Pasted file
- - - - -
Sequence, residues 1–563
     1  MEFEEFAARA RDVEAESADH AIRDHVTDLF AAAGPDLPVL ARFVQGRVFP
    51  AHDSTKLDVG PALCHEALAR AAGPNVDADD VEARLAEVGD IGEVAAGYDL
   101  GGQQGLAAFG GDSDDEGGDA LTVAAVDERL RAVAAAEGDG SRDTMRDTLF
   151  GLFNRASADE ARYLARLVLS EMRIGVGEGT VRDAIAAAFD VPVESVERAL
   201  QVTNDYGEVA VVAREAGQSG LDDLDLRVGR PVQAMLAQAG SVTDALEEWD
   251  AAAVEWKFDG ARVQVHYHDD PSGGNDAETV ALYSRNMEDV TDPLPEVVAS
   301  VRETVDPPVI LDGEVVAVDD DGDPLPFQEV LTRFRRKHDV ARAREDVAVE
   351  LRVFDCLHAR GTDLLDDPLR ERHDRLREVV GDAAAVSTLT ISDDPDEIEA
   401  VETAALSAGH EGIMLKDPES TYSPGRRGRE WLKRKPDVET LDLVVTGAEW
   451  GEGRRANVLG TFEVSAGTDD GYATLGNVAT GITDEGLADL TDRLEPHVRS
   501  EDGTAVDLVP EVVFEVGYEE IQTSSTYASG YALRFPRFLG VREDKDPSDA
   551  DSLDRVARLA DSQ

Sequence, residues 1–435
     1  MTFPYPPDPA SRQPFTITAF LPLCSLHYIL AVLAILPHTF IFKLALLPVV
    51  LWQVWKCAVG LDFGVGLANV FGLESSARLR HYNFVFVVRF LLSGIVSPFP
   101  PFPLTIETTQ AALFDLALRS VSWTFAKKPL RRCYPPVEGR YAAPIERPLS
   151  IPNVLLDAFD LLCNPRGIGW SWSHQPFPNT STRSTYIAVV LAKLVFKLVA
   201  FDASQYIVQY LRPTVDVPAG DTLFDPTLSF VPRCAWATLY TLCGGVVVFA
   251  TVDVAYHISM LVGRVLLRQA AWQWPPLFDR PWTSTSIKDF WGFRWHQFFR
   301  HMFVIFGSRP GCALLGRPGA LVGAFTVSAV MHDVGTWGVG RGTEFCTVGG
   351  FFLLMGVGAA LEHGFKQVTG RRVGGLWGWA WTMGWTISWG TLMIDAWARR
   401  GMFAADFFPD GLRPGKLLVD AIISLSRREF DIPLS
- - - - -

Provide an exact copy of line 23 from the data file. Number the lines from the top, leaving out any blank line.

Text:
   401  GMFAADFFPD GLRPGKLLVD AIISLSRREF DIPLS